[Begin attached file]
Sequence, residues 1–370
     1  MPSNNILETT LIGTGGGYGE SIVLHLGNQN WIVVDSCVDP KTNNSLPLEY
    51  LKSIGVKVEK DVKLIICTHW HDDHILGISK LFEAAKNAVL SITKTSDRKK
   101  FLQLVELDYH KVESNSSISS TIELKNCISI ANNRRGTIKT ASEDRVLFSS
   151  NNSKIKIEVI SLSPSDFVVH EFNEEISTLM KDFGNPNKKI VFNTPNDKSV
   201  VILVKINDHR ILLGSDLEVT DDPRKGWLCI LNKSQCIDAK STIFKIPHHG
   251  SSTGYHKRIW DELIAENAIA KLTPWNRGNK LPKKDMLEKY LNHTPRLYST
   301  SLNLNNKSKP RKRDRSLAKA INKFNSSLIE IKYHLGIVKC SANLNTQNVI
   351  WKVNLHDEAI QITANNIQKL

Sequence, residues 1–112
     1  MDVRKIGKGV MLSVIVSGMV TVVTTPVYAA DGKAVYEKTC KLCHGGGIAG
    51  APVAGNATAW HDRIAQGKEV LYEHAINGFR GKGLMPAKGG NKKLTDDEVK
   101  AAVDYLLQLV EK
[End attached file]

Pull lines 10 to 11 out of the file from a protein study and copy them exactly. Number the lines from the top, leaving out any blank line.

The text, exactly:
Sequence, residues 1–112
     1  MDVRKIGKGV MLSVIVSGMV TVVTTPVYAA DGKAVYEKTC KLCHGGGIAG